The three u-shaped apparatuses 3, are held together by two circular disks 5 and 11 respectively as shown in FIG. 3. Each of the circular disks 5 and 11 respectively contain three holes 13. The circular disk 5 is positioned at the top of the base legs 14 of the u-shaped apparatuses 3, while the circular disk 11 is positioned at the bottom of the base legs 14 of the u-shaped apparatuses 3. Each of the base legs 14 pierce the circular disks 5 and 11 respectively through each of the holes 13 as shown in FIG. 3. The circular disks 5 and 11 are arranged such that they are parallel to each other. A hollow cylindrical tube 4 rests on the bottom legs 7 of the u-shaped apparatuses 3 and encircles a substantial portion of the base legs 14. The tube 4 must fit tightly around the circular disk 11 such that no crawling insect may pass below or above the circular disk 11. The top of the tube 4 must not cover the circular disk 5 and must maintain a vertical space between the top of the tube 4 and the circular disk 5 such that no crawling insect could reach the circular disk 5 from the top of the tube 4.
Referring to FIG. 2, the figure shows the food dish 2 being fitted into the base unit 8 sitting on the top legs 9 of the u-shaped apparatuses 3 and fitting tightly within the upward legs 10.
Referring to FIG. 4, the figure shows the pet feeder 1 in actual use. Pet food 12 is placed in the food dish 2. As previously discussed, crawling insects such as ants on the scent of the pet food 12 to locate its origin. The scent of the pet food 12 can be be detected by crawling insects 13 such as ants only through air particles. When the ants 13 detect the scent of the pet food, they will generally move in the direction that the scent becomes stronger.
When the ants 13 move in the direction of the pet food, they will leave behind a chemical trail that the other ants will follow. The pet food scent generally remains on the outside of the food dish 2, and along the outside of the base unit 8. The pet food scent will remain outside of the tube 4. Because the pet food scent remains outside of the tube 4, the ants 13 will not follow a path from the top side of the tube 4, to the circular disk 5.
The ants 13, will follow the scent along the bottom legs 7 of the u-shaped apparatus 3, up the outer surface of the tube 4. When the ants 13 reach the top of the tube 4, they will generally try to enter the inner portion of the tube 4. However, when the ants 13 begin moving within, and along the inner surface of the tube 4, the ants are unable to detect any trace of the pet food 12. Because the ants 13 are unable to detect the pet food 12 while in the enclosed portion of the tube 4, they will have no inclination to go inside the tube 4. In general, the ants 13 will circle the rim of tube 4 encountering their chemical trail and retrace their chemical trails left behind where they entered from the top of the tube 4, and will go back to a location outside of the tube 4 where they are able to detect the food source 12.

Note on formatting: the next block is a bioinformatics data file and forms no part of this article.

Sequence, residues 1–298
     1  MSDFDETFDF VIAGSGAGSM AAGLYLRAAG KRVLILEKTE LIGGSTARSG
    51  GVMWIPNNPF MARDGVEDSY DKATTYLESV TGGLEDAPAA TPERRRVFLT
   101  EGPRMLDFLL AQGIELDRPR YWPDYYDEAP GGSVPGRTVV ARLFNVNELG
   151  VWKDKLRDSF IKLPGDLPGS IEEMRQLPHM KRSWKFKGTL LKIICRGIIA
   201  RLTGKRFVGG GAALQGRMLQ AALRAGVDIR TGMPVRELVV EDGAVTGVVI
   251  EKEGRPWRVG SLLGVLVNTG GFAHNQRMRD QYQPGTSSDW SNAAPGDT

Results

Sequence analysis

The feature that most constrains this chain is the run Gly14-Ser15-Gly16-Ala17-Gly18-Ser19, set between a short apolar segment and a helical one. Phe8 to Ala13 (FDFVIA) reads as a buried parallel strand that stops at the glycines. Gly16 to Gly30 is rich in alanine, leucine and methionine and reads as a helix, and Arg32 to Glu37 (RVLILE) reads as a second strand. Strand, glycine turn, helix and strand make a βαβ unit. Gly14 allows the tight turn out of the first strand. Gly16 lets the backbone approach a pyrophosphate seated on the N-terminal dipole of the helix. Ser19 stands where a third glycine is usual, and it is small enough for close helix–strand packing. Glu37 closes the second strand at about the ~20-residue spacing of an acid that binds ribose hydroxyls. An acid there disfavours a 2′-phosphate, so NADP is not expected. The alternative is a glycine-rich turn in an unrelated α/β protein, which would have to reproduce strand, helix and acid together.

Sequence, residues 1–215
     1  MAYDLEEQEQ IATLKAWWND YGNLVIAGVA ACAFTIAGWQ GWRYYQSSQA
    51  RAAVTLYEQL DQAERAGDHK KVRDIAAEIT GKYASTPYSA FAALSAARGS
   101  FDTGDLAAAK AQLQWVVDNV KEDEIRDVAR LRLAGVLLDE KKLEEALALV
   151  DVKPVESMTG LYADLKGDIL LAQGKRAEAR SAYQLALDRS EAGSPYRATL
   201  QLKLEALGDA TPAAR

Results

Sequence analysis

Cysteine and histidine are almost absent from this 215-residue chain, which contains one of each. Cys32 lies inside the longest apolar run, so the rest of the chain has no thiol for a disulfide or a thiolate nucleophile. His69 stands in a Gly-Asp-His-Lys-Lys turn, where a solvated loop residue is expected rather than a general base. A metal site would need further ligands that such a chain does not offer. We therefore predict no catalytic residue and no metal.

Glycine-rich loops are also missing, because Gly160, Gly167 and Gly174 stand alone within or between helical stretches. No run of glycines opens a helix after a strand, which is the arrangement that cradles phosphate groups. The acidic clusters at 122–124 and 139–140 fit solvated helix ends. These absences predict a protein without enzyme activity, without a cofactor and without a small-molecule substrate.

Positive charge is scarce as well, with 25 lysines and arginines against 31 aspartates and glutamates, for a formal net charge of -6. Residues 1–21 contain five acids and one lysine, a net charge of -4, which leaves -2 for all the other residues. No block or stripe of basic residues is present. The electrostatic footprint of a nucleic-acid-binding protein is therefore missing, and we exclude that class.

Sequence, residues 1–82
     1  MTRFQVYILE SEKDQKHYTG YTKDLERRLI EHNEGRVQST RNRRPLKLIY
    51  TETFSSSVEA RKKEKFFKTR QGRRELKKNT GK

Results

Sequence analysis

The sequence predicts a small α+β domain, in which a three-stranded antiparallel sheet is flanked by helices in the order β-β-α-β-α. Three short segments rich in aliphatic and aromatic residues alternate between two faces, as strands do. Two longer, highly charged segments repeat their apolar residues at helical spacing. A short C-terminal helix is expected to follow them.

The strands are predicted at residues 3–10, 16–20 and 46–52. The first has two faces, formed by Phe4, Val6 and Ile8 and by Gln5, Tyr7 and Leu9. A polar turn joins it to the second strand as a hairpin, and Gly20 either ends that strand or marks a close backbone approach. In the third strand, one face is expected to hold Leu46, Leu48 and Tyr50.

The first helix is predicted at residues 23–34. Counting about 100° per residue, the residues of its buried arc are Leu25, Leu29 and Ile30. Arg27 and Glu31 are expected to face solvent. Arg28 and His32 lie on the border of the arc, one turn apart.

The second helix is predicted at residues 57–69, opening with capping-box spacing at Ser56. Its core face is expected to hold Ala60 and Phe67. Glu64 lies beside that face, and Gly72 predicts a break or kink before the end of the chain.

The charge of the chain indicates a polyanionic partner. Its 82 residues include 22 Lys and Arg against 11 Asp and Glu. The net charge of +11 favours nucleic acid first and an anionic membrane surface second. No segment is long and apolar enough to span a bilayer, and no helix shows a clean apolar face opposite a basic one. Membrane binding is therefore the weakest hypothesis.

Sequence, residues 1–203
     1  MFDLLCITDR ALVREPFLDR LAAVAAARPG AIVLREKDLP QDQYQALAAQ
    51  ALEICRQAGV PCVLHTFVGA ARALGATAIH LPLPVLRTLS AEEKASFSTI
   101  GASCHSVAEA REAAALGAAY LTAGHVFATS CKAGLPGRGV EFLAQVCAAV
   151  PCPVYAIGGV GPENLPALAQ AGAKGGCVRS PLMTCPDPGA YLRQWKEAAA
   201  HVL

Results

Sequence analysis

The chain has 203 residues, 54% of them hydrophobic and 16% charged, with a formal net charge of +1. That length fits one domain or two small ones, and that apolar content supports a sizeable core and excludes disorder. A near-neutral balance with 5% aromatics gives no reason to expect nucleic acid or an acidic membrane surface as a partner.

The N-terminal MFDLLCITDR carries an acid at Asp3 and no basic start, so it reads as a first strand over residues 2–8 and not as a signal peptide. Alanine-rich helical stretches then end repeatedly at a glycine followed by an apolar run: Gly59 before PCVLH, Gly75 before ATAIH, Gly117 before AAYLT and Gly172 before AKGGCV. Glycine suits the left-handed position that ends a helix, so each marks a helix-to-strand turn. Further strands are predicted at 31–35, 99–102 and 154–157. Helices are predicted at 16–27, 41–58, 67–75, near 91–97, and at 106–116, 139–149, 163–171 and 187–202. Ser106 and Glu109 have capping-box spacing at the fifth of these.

In order to assure that the smell of the food source 12 does not enter the enclosed portion of the tube 4, it is imperative that the ratio of the height of the tube 4, to the diameter of the circular disk 5, be greater than or approximately equal to 3:1. Additionally, the thickness of the wall of the tube 4 is approximately no thicker than the width of the body of a common ant. This reduces the number of ants that can remain on the rim of tube 4. Furthermore, the diameter of the disk 5 should remain as wide as the inner diameter of the tube 4.
It is understood that those skilled in the art may conceive modifications and/or variations to the specific embodiments shown and described herein. Any such modifications or variations which fall within the purview of this description are intended to be included therein as well. It is understood that the description herein in intended to be illustrative only and is not intended to be limiting. Rather, the scope of the invention described herein is limited only by the claims appended hereto.
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|U.S. Classification||119/61, 43/109|
|Aug 19, 2002||FPAY||Fee payment|
Year of fee payment: 4
|Oct 4, 2006||REMI||Maintenance fee reminder mailed|
|Jan 15, 2007||SULP||Surcharge for late payment|
Year of fee payment: 7
|Jan 15, 2007||FPAY||Fee payment|
Year of fee payment: 8
|Oct 18, 2010||REMI||Maintenance fee reminder mailed|
|Mar 16, 2011||LAPS||Lapse for failure to pay maintenance fees|
|May 3, 2011||FP||Expired due to failure to pay maintenance fee|
Effective date: 20110316